Sask. Party avoiding transparency on deficit

The Sask. Party government is running a deficit of nearly $1 billion, but the Finance Minister refuses to tell Saskatchewan people how the government intends to get out of that budgetary hole.

The Sask. Party's deficit includes the nearly $300-million operating deficit it announced in August, plus the $700 million of borrowing it announced in the spring.

Read more

Full-time work lost, unemployment up after Sask. Party inaction

During the resource boom, the Sask. Party sat back and rode the wave – and as a result, Saskatchewan people are facing higher unemployment and fewer full-time jobs while the cost of living is rising.

Statistics Canada reported Friday that Saskatchewan had lost 2,700 full-time jobs, replacing them with 3,300 part-time jobs, compared to a year earlier.

The unemployment rate in the province rose to 4.9 per cent, two per cent higher than a year ago. Adjusted for seasonality, that unemployment rate is now 5.6 per cent.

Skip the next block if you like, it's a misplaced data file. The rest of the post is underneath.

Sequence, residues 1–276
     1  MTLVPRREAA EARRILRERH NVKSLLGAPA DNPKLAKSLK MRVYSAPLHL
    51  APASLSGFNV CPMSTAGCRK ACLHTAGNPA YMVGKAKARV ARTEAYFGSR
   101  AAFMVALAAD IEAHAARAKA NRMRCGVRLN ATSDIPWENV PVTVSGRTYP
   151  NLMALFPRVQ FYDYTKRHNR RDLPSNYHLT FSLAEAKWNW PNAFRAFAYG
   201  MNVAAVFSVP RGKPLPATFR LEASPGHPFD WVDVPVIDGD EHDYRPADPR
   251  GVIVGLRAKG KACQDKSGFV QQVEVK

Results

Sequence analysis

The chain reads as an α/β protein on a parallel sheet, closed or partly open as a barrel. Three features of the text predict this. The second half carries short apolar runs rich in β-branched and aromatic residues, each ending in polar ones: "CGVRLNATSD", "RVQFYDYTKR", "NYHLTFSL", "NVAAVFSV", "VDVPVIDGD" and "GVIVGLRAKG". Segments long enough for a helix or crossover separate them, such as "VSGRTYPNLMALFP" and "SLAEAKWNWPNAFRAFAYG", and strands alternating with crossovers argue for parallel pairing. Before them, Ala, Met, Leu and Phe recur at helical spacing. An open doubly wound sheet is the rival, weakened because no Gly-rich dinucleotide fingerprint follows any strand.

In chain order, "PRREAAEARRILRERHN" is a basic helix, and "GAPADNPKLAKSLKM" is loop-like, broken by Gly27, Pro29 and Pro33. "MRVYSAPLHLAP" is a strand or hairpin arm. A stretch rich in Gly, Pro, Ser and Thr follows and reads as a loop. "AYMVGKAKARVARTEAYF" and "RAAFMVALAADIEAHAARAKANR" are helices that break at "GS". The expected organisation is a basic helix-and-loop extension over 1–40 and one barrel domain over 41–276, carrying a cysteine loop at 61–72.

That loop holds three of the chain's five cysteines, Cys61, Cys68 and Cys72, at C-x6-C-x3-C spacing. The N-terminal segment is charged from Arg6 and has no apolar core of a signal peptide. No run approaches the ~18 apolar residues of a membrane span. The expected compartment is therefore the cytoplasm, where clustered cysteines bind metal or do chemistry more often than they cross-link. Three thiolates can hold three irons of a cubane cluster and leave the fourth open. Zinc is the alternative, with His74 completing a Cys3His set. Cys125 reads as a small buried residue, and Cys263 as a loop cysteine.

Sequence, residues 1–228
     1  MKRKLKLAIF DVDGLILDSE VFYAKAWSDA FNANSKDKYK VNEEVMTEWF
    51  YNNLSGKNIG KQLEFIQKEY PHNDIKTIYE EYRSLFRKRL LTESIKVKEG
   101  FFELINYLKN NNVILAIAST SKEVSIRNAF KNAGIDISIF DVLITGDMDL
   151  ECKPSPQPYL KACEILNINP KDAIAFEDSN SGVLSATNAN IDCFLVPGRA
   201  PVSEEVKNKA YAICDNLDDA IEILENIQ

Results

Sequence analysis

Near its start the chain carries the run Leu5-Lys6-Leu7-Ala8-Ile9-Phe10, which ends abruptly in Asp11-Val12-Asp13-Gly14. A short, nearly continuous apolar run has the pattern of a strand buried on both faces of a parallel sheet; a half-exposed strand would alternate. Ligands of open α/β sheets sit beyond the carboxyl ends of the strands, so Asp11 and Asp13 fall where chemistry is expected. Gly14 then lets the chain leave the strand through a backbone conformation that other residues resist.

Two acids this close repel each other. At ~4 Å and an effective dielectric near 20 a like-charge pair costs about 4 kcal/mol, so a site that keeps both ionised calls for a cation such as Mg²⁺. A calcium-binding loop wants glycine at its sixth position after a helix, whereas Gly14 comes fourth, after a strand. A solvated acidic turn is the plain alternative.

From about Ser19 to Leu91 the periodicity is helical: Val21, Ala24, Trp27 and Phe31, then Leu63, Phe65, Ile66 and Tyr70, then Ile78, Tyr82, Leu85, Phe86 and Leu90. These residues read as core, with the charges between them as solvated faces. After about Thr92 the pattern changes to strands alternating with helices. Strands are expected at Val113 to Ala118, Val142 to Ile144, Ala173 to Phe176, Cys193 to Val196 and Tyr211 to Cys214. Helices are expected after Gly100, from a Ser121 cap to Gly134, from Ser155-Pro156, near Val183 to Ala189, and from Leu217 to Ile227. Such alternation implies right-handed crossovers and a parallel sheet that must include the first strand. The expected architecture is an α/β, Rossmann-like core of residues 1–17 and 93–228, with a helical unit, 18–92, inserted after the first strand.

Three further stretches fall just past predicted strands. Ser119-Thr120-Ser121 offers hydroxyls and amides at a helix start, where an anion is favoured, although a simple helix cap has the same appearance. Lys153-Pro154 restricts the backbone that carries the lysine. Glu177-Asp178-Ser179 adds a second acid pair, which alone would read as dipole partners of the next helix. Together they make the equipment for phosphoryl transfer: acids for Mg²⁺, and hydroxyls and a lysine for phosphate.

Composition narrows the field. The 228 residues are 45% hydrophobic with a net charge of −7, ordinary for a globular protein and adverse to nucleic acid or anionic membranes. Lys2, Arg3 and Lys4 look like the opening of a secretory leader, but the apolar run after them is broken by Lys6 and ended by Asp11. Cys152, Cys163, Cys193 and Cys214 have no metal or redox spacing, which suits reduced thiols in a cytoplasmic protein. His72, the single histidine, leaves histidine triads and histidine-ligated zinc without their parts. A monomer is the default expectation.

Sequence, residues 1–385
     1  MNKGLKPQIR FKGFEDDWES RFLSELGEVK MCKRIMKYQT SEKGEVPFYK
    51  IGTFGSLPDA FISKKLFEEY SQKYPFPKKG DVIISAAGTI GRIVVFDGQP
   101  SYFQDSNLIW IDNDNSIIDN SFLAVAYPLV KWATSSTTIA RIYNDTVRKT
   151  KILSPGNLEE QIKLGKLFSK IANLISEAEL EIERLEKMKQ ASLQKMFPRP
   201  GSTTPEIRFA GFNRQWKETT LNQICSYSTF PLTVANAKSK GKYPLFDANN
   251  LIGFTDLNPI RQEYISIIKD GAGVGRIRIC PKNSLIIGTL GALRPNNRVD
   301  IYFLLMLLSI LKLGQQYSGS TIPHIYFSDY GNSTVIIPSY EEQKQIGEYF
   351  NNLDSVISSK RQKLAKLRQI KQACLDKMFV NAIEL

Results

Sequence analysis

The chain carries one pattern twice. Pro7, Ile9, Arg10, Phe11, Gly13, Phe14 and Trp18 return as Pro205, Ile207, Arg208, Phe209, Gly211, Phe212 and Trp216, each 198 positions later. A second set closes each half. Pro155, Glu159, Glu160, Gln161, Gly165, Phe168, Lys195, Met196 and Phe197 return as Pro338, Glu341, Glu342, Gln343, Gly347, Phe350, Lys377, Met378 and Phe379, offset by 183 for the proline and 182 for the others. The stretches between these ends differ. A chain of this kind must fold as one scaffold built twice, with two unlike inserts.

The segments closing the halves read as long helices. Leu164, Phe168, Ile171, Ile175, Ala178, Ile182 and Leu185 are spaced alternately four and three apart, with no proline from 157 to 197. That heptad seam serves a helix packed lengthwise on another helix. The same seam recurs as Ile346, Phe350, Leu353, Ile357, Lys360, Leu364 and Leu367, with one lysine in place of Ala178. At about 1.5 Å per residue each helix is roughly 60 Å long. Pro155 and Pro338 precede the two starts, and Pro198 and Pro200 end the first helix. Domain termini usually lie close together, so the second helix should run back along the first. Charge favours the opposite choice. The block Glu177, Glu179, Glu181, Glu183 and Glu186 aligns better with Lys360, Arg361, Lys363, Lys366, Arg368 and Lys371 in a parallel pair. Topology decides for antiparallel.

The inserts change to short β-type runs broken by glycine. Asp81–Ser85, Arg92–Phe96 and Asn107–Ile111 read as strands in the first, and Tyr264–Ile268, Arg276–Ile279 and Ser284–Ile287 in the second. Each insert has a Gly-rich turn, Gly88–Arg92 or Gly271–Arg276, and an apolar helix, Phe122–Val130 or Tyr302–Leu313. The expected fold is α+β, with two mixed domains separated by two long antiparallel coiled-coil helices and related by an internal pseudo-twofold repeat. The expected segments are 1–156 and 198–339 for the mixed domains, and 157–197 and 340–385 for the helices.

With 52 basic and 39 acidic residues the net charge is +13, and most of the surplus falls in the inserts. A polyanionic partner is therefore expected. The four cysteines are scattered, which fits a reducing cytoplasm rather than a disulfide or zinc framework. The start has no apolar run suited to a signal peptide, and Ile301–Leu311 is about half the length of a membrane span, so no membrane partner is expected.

Read more

Hospitalized seniors asked to move away to help overcrowding

Health care workers in Saskatoon have been given a script to help them convince hospitalized seniors waiting for a long-term care home space to move to a different hospital in a different city.

 The convincing is being done to alleviate overcrowding in Saskatoon’s hospitals. Health care workers who are members of the Health Sciences Association of Saskatchewan revealed the script, fearing for the well-being of their patients.

Read more

Cookie-cutter P3 schools to need 68 portable classrooms

When nine P3 schools open in 2017, they’ll already be so overcrowded that many students will be moved into 38 portables, and another 30 portables will be added over the following four years.

The Sask. Party’s portables plan was obtained by the NDP through a claim under access to information laws.

Read more

Actual carbon capture performance doesn't match Wall’s story

The Sask. Party government’s carbon capture project performed worse throughout 2015 than the year before, and an internal operations chart contradicts Brad Wall's statements – showing the Sask. Party still isn't coming clean.

According to SaskPower’s operations chart for the $1.5 billion Boundary Dam carbon capture plant, its peak performance – when it captured just 78 per cent of total daily carbon dioxide (CO2) emissions – was achieved last November. Throughout 2015 it has struggled to capture 55 per cent of daily emissions. Numbers languishing around 40 per cent, and days and weeks at a time during which it captured no CO2 at all, were common, dragging down the already dismal overall capture rate.

Read more